Here now the latest news from Election Central, where we have calculated the weekend results and are now prepared to make projections on key races around the country.
In the race for mayor of Knoxville, incumbent Phillip Fulmer will not return for a fifth term.
Fulmer’s Vols turned in another listless offensive performance Saturday night in a 27-6 loss to South Carolina. The overall ineptitude caused a wave of demonstrations in the streets of Knoxville.
Despite all the good will produced early in his mayoralty, including a national championship in 1998, Fulmer appears to have fallen victim to a “what have you done for us lately?” mentality.
Fulmer’s machine reached peak strength from ‘95-‘98, posting a 45-5 record. That contrasts starkly with the 27-20 mark posted over the past four seasons.
In our exclusive exit poll, most voters indicated their dissatisfaction with the befuddled look on Fulmer’s face as he stood on the sideline, headphones grasped firmly in hand, staring blankly out into the field of play.
Next we move to Gainesville, Fla., where Urban Meyer has been reelected to a second term. Meyer’s victory came in a landslide of epic proportions not seen since in Gainesville since the regime of long-time boss Steve Spurrier.
Meyer’s campaign gained steam over the past few weeks, making the Ole Miss upset a distant memory. His momentum peaked with the 49-10 pummeling over Georgia on Saturday. Meyer added a touch of panache by calling for two times out in the final minute, solidifying his position with the voters.
During his first term, Meyer produced a national championship and a 10-1 record against Florida’s biggest rivals (4-0 vs. Tennessee, 3-0 vs. FSU and 3-1 vs. Georgia). His team’s utter embarrassment of Ohio State in the championship game two years ago greatly endeared him to voters.
The outstanding play of his current team has raised the prospect that Meyer will retain his office for several more terms.
In the race for mayor of Auburn, Ala., the bid of incumbent Tommy Tuberville for a third full term appears too close to call.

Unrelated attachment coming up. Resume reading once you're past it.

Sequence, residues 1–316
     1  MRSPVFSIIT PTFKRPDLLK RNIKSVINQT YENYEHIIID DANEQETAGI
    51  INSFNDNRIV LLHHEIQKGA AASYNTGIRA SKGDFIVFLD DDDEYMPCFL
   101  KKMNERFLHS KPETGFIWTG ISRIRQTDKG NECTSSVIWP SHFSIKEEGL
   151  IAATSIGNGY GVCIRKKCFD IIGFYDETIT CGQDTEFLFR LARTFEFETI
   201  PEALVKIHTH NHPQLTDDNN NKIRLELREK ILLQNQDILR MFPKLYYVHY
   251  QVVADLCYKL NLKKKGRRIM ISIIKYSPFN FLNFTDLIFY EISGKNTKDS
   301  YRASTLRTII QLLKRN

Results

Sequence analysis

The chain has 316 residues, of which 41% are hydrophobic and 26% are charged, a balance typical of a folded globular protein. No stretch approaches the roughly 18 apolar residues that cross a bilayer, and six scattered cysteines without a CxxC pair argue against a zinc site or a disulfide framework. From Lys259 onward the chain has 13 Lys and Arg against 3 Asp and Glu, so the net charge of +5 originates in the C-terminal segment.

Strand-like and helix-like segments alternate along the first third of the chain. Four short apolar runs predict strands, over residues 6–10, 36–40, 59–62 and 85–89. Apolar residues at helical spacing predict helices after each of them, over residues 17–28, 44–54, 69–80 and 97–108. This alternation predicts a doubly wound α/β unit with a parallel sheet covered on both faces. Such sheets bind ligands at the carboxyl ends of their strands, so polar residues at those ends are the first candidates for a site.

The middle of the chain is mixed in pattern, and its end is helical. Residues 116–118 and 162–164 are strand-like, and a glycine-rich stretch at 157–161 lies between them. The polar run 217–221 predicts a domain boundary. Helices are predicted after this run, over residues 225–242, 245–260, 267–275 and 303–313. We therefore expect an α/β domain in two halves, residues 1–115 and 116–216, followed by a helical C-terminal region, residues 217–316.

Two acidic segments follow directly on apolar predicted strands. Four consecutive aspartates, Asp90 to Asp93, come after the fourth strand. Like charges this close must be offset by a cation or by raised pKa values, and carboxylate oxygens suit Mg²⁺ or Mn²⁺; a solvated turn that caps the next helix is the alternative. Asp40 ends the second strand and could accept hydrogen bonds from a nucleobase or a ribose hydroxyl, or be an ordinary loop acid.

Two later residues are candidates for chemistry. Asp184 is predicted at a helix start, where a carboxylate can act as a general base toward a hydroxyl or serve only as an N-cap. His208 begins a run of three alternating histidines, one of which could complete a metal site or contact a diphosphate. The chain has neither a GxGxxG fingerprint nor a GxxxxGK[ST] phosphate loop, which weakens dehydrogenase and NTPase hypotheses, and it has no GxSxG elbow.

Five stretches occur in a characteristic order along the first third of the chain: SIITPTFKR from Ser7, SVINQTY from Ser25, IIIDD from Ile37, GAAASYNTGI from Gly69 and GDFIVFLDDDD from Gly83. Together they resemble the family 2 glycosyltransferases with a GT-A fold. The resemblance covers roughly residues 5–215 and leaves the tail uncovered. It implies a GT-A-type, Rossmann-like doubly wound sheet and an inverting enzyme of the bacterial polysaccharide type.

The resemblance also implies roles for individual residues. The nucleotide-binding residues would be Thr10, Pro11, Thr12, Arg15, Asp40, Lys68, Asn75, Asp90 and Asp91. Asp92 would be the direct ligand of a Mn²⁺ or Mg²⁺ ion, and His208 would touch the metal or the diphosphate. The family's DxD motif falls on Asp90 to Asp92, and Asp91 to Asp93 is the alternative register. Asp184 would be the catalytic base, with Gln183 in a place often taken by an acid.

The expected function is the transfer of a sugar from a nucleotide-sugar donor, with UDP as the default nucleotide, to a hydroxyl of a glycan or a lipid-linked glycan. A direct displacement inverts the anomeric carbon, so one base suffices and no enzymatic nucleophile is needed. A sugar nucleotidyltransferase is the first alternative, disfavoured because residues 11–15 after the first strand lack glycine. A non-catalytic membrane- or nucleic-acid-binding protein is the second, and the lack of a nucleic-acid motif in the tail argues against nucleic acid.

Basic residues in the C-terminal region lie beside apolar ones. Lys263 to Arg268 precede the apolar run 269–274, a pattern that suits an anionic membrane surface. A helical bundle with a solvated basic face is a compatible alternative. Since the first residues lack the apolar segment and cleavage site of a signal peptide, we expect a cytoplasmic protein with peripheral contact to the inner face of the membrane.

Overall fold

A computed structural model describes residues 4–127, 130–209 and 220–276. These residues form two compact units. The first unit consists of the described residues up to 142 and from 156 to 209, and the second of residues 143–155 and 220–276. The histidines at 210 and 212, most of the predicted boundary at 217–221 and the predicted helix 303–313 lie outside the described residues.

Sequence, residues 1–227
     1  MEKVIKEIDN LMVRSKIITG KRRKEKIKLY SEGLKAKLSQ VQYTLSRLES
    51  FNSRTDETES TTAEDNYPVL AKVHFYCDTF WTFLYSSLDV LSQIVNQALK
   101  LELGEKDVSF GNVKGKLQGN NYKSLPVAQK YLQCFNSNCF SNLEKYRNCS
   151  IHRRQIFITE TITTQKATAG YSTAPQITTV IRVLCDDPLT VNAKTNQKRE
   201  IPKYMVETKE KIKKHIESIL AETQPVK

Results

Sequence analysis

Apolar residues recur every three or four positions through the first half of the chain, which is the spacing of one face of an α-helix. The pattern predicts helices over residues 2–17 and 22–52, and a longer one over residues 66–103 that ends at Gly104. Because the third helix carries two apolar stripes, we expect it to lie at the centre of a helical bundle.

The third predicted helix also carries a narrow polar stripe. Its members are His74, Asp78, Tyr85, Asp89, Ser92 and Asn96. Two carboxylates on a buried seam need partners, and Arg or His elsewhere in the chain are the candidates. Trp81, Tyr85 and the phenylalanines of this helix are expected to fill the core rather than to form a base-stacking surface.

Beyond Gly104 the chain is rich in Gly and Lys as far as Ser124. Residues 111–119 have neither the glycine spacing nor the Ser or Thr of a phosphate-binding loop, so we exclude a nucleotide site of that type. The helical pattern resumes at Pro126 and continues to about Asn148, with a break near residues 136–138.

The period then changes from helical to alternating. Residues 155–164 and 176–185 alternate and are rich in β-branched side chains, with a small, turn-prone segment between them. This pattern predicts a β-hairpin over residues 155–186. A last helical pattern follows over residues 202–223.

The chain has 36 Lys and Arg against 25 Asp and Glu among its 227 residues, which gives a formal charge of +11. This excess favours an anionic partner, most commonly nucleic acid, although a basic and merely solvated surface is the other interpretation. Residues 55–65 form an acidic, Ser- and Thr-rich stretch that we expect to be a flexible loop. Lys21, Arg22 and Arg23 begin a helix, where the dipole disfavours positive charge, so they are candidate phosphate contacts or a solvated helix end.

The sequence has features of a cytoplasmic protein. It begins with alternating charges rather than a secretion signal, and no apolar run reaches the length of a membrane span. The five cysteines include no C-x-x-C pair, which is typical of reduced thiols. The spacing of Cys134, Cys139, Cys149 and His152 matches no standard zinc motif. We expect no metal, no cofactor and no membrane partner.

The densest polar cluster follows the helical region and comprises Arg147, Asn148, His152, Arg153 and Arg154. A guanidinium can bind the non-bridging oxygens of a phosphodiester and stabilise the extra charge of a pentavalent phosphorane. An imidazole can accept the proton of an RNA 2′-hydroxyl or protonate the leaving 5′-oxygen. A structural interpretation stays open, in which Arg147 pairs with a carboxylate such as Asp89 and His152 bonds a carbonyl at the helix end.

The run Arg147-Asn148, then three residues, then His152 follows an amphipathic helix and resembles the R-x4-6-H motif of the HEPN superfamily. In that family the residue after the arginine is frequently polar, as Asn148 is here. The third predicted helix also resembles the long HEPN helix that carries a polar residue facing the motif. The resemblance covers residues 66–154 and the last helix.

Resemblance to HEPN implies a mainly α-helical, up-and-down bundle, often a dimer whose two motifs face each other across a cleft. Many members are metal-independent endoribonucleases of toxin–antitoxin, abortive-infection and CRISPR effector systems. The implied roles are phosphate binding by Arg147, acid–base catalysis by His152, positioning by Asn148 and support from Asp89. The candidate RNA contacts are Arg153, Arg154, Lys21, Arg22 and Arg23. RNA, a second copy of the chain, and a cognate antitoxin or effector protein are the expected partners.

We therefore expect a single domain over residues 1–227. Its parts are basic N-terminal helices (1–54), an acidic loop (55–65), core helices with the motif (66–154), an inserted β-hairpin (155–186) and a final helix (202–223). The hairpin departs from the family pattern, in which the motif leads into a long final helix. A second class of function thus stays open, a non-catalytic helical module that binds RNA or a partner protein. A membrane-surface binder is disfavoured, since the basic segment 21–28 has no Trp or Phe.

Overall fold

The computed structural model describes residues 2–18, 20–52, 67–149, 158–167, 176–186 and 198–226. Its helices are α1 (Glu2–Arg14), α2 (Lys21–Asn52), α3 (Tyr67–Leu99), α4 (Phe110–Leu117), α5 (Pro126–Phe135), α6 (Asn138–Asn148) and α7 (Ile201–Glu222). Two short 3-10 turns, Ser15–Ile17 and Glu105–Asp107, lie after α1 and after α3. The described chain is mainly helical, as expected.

Some keen observers questioned Tuberville’s management style after he fired his offensive coordinator, Tony Franklin, the day after giving Franklin a ringing vote of confidence. Sadly for Tuberville, every time he changes the person in that post, things get markedly worse.
Back-to-back losses to Vanderbilt and Arkansas were bad enough. His team quitting in the second half against West Virginia was galling. Still, nothing in the past month remotely prepared voters for Saturday’s poor effort against Ole Miss.
We project that Tuberville will enter a runoff through the Georgia and Alabama games to determine whether he remains in office. Keep in mind that the last four Auburn coaches to post losing records once they became established were all out of office within a year. And that includes the legendary Shug Jordan.
Two-term favorite son “Toledo Tom” Amstutz is out as mayor of Toledo, Ohio. The affable Amstutz, who ran on a platform of “grilled brats for everyone,” failed to overcome the naked truth: his record steadily declined during his eight years in office.
His initial season was his best: 10-2, with a victory in the Motor City Bowl. In his first five years, Amstutz led his Rockets to four bowls, posting a 45-18 record. That euphoria gave way to successive 5-7 campaigns and this year’s 2-6 debacle. He did defeat Michigan at the Big House, but who hasn’t?
Exit poll respondents indicated displeasure with the Rockets statistics this year. They rank 90th in scoring offense, and 99th in scoring defense. This clearly demonstrates that the amiable Amstutz personality couldn’t overcome poor performance.
Despite a campaign run typically close to the vest, Jim Tressel has won another term as mayor of Columbus, Ohio.
Even though Tressel’s teams manage to lose their biggest games in colossal fashion, he almost always manages to beat that school up north. His Bucks hold a 6-1 record over Michigan, with another win likely on Nov. 22.
He’s not flashy, but neither was Woody Hayes, who held office in Columbus for 28 years. Columbus voters clearly don’t care whether the team oozes excitement, as long as it wins.
Beleaguered mayor Greg Robinson of Syracuse, N.Y., will not return for a second term. Robinson took over a program that tied for the Big East title in 2004 and ran it straight into the ground.
Robinson ran on his record, which wasn’t wise. It stands at 9-34 (3-22 in conference play). That’s the worst record of any coach in Syracuse history who coached more than one season, and the Big Orange first teed it up in 1889.
Finally, voters in State College, Pa., have returned legendary mayor Joe Paterno to office for a record twelfth term. The 82-year-old Joe Pa retained his magic with the voters despite having to campaign in a golf cart.
“I still feel good,” declared Paterno at a recent press conference. “Besides, what else am I gonna do at my age?”